EXTERNAL debt issuance in sub-Saharan Africa has fallen by nearly three quarters for the first half of the year, according to a new report by Refinitiv. This indicates that some of the continent’s largest economies may be heeding the warning that their dangerously high debt burdens could expose them to economic shocks.
Refinitiv, a financial markets data and infrastructure firm, published its investment banking activity report for the first half of the year, which shows external borrowing by governments fell 65 percent for the first six-months of 2019 versus the same period a year ago.
In total, governments borrowed more than $5bn – a figure that excludes SA – from external lenders. External debt is defined as money owed to creditors which can comprise foreign bondholders, banks and multi-lateral financial institutions.
Ghana and Kenya were the most active bond issuers after South Africa, with Kenya raising $2.1bn via a US dollar-denominated bond, and Ghana issuing a $3bn Eurobond in March, the largest bond offering in the region in 2019.
The African Development Bank (AfDB) at its annual meeting in Equatorial Guinea in June denied the continent has a debt crisis but has been urging caution with respect to the growing levels of public debt-to-GDP seen across the region.
Kenya has more than doubled its external debt-to-GDP in 10 years, rising from 19.9 percent in 2008 to 47.6 percent in 2018.
External debt typically entails emerging countries borrowing in a foreign currency, which during a financial crisis sees the debt increase relative to tax revenues if the crisis is typically accompanied by a large currency devaluation.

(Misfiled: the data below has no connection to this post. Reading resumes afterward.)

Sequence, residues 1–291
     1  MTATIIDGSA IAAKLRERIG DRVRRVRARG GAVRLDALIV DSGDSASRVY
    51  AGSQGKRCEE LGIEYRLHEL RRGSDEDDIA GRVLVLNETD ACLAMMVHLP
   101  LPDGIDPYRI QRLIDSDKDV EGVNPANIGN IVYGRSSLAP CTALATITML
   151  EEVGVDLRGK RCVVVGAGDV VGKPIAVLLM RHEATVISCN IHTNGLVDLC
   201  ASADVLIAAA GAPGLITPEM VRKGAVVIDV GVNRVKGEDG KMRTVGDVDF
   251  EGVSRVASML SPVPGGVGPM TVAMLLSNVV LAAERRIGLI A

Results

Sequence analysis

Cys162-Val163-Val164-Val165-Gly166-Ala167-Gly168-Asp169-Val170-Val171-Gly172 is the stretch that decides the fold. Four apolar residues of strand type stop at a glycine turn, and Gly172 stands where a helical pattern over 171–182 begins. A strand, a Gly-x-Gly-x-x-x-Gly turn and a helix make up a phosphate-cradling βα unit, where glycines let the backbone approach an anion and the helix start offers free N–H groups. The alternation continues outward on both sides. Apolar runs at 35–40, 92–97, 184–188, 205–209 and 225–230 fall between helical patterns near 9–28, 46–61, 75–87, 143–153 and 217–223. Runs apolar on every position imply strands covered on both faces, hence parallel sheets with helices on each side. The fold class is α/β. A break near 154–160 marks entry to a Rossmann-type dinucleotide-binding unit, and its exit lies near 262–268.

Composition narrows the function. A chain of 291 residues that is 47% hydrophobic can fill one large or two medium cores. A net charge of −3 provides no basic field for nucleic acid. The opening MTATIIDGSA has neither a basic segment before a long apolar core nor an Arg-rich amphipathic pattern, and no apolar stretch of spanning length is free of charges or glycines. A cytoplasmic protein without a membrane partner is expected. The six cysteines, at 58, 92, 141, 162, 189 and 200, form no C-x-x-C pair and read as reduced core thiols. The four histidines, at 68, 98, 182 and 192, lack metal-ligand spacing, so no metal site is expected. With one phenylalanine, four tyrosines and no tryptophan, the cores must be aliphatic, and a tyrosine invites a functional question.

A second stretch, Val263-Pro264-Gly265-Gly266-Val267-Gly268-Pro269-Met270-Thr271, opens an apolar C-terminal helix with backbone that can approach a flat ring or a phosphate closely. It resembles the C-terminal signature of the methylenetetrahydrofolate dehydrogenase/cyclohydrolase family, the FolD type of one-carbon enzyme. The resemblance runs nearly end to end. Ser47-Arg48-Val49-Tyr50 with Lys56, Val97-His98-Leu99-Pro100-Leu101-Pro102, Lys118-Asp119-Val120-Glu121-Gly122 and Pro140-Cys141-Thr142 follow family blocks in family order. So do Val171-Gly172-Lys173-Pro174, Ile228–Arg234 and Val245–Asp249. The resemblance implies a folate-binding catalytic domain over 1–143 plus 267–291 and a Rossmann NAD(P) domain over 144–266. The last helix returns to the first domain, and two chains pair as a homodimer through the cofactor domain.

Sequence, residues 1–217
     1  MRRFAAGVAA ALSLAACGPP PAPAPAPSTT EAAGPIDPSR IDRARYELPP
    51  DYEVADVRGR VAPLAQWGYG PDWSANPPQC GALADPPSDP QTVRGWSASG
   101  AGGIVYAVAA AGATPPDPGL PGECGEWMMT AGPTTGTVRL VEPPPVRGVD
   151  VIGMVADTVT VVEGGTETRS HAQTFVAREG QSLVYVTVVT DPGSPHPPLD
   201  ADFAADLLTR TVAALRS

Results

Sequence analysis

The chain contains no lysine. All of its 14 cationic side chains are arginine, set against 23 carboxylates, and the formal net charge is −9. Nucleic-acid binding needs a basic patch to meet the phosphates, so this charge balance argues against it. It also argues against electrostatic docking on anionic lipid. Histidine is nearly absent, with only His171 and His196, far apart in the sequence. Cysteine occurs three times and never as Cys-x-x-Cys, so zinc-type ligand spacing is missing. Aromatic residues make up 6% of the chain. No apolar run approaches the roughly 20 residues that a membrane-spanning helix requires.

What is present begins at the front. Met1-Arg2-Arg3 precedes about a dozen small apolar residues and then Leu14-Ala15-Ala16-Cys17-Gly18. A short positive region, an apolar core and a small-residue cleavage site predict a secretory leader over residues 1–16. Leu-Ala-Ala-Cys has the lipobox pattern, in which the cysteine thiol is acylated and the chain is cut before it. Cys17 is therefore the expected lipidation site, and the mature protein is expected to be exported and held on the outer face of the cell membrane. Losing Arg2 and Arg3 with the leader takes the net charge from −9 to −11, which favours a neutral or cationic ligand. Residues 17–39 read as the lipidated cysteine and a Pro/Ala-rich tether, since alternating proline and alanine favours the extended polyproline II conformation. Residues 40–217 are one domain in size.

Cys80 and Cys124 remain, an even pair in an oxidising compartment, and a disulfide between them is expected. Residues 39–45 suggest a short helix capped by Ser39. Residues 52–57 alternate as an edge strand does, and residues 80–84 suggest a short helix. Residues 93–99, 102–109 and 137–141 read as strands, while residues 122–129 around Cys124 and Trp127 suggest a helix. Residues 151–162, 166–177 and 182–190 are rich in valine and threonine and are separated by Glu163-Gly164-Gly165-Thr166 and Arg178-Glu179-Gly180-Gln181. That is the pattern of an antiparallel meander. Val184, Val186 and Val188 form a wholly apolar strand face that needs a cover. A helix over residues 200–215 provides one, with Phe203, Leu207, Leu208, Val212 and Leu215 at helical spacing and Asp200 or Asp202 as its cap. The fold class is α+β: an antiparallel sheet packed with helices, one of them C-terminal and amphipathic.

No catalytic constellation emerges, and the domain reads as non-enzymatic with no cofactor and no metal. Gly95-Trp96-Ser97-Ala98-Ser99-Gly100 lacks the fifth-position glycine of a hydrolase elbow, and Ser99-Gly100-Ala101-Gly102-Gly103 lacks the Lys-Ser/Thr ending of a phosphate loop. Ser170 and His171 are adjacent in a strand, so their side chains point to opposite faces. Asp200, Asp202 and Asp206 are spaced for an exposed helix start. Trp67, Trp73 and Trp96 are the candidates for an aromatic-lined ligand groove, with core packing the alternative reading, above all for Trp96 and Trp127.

While in most cases overall debt-to-GDP levels are beginning to approach the upper-bound limit of 60 percent as defined by the AfDB, debt service costs are already accounting for a large proportion of tax revenues.
Nigeria provides a case in point. According to figures published in its regional economic outlook, the AfDB states that Nigeria is spending half of its tax revenue to service external debt, while in Ghana it is approaching 40 percent, causing its government to increase the amount of money allocated to servicing debt by 500 percent.
The knock-on effect implies governments have less resources to support essential social services like education, housing and hospitals.
‘The drivers of the recent rise in debt differ by country, but the 2014 commodity price decline is a leading source of deteriorating fiscal positions, especially among oil exporters,’ states the AfDB, in its regional outlook.